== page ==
Validated specialty-specific models for multi-disciplinary microsurgery training laboratories: a systematic review

ANZ J Surg. 2021 Mar 15. doi: 10.1111/ans.16721. Online ahead of print.


Background: Laboratory simulation is increasingly important for teaching microsurgical skills. Training microsurgeons of different specialties within the same simulation laboratory increases efficiency of resource use. For maximal benefit, simulations should be available for trainees to practice specialty-specific, higher-order skills. Selection of appropriate simulations requires knowledge of the efficacy and validity of the numerous described laboratory models. Here we present a systematic review of validated training models that may serve as useful adjuncts to achieving competency in specialty elements of microsurgery, and appraise the evidence behind them.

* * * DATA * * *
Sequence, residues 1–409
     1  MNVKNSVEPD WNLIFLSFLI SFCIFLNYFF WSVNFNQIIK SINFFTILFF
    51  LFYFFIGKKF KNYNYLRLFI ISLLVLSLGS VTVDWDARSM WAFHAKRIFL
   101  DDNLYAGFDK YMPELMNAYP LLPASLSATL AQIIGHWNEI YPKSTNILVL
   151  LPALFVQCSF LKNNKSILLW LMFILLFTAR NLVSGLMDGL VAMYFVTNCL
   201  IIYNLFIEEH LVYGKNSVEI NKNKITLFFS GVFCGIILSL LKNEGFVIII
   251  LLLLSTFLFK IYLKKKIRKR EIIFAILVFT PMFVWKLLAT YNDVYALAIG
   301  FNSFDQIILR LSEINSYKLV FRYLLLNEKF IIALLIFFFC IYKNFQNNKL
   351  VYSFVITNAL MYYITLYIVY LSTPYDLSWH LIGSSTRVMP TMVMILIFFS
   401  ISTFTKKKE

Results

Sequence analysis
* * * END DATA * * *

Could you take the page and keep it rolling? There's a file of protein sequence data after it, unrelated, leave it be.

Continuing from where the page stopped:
Methods: In setting up a multi-disciplinary microsurgery training course, we performed a systematic review according to preferred reporting items for systematic reviews and meta-analyses guidelines. EMBASE, MEDLINE, Cochrane and PubMed databases were searched for studies describing validated, microscope-based, specialty-specific simulations, and awarded a level of evidence and level of recommendation based on a modified Oxford Centre for Evidence-Based Medicine classification.

Results: A total of 141 papers describing specialty-specific microsimulation models were identified, 49 of which included evidence of validation. Eleven were in the field of neurosurgery, 21 in otolaryngology/head and neck surgery, two in urology/gynaecology and 15 plastic and reconstructive surgery. These papers described synthetic models in 19 cases, cadaveric animals in 10 cases, live animals in 12 cases and human cadaveric material in 10 cases.

Conclusion: Numerous specialty-specific models for use in the microscope laboratory are available, but the quality of evidence for them is poor. Provision of models that span numerous specialties may encourage use of a microscope lab whilst still enabling more specific skills training over a 'one-size-fits-all' approach.

Keywords: educational model; medical education; microsurgery; simulation training; surgical specialty.

Publication types

  • Review